The strange case of Jekyll, Hyde and the Scottish Government

When the Supreme Court handed down its ruling on the Named Person scheme back in July the Scottish Government did its best to play down the judgment. Deputy First Minister John Swinney tried to claim a victory, stating that with just a few tweaks the scheme would be ready for roll-out in a matter of few weeks.

It’s now seven months later and we are none the wiser.

Perhaps the Scottish Government is more aware of the judgment’s significance than it would like to let on in the media.

Lesley Scott of Tymes Trust submitted a Freedom of Information request in August asking to see legal advice which the Scottish Government’s QC James Wolffe provided to Ministers ahead of the Named Person Supreme Court hearing. After the initial request was rejected she challenged the decision by lodging a complaint with the Scottish Information Commissioner. This too was rejected but the response is rather revealing.

Scottish Government Ministers argued that the legal advice should not be disclosed because “the litigation in question has led to significant re-evaluation of some of the content of the Named Person scheme and has raised issues that are still very much live and are currently being considered following the court case.”

“significant re-evaluation”?

Change of audience, change of tune? Surely not…?!

Here are some further extracts from the Scottish Information Commissioner’s Decision Notice. [Emphasis added]

Public interest test – the Ministers’ views

24. The Ministers acknowledged that there is likely to be some public interest in the contribution that release of this information would make as part of open and transparent government and to inform public debate as to the reasonableness and appropriateness of the Scottish Government’s Named Person scheme. They acknowledged that it has been a contentious issue.

25. However, the Ministers did not consider that these public interest arguments were sufficiently compelling to outweigh the public interest in maintaining the right to litigation privilege and legal advice privilege. The Ministers argued that it was in the public interest that they should be able to communicate with their legal advisers, fully and frankly, in confidence when preparing for and during court cases in order to be able to develop arguments, reach fully informed legal views, finalise their position in relation to legal points and generally defend their position robustly in an adversarial legal environment.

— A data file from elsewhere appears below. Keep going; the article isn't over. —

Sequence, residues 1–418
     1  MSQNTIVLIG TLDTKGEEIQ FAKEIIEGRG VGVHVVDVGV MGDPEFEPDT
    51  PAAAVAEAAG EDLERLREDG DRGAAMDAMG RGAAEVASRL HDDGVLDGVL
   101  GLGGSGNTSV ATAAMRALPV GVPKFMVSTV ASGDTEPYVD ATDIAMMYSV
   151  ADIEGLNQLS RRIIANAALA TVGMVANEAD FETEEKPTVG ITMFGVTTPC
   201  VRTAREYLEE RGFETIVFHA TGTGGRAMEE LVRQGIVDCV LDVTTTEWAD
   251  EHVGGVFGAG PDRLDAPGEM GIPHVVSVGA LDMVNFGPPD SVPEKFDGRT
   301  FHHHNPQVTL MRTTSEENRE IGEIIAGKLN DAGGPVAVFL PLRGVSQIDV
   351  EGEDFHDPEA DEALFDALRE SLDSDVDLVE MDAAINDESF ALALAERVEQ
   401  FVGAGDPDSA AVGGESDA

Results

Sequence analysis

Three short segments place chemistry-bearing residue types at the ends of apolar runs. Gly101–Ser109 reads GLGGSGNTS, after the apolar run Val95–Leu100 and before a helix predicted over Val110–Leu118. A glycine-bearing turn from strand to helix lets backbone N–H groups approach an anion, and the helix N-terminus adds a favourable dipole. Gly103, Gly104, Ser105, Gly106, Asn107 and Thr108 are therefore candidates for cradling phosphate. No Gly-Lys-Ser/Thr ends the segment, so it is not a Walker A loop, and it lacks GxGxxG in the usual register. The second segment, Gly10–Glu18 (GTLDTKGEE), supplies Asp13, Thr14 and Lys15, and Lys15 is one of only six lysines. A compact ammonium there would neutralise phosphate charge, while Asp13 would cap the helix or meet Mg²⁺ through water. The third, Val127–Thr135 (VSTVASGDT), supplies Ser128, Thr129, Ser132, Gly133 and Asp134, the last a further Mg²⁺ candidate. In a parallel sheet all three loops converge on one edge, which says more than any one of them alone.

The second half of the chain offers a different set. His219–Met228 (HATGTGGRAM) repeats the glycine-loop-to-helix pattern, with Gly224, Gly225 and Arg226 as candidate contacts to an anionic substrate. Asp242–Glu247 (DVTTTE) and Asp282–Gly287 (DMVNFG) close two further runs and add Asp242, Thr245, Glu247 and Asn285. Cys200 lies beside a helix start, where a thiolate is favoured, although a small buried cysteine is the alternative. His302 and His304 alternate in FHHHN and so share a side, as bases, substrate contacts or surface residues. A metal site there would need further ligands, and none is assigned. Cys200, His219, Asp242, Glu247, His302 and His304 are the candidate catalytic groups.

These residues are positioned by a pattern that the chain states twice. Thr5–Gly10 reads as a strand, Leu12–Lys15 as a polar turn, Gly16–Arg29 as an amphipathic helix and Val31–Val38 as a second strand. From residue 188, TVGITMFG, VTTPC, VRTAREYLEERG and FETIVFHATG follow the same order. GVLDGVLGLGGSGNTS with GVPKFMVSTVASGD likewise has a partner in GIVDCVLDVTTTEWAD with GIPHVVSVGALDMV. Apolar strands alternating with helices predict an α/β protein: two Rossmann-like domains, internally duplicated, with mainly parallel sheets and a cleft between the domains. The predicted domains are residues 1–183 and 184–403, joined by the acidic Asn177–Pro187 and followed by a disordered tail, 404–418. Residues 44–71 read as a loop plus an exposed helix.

26. The Ministers noted that the litigation in question has led to significant re-evaluation of some of the content of the Named Person scheme and has raised issues that are still very much live and are currently being considered following the court case. They believed that it is clearly in the public interest that the Scottish Government, like any individual or organisation, can receive the most comprehensive and robust legal advice when preparing for and conducting litigation and dealing with the consequences of that litigation. The Ministers contended that it is in the public interest for that advice to remain confidential as its disclosure would have the effect of substantially prejudicing the Scottish Government’s ability to defend itself when subject to legal challenge by unfairly exposing internal legal exchanges to challenge.

The Commissioner’s conclusions are also worth noting.

38. In this case, the legal advice under consideration relates to legislation which affects every child (and parent) living in Scotland. Given this, it is clear that a large number of people would potentially be affected by the legal advice and the Commissioner is satisfied that this factor weighs in favour of disclosure in the public interest.

39. The Commissioner agrees with Mrs Scott that there is a strong public interest in the disclosure of information that would demonstrate the legal basis for the Scottish Government’s decision to defend a court case which incurred costs of some £500,000 of public funds. Furthermore, the Commissioner also agrees that there is a public interest in understanding why the Scottish Government contended that the 2014 Act was fully compliant with human rights legislation, when the Supreme Court took an opposing view.

40. The Commissioner has considered carefully the public interest arguments put forward by both parties. She accepts that there is a public interest in authorities being open to scrutiny and being accountable for their actions. The 2014 Act has been controversial and subject to significant public debate, and she considers that disclosing the advice would enable the general public to better understand the Scottish Government’s reasons and grounds for defending the court case. She accepts that disclosure of the legal advice obtained by the Scottish Government would contribute to transparency and accountability in understanding why the Scottish Government pursued its defence of a case which cost it (and the Scottish taxpayer) significant sums of money (while noting that the appeal was only partially successful, and that the Scottish Government successfully defended the appeal on other points).

42. The Commissioner is aware that the Scottish Government is currently establishing how to amend the 2014 Act to comply with the Supreme Court’s ruling and that the legal advice that has been requested relates to a live issue. This suggests that the legal advice should be withheld.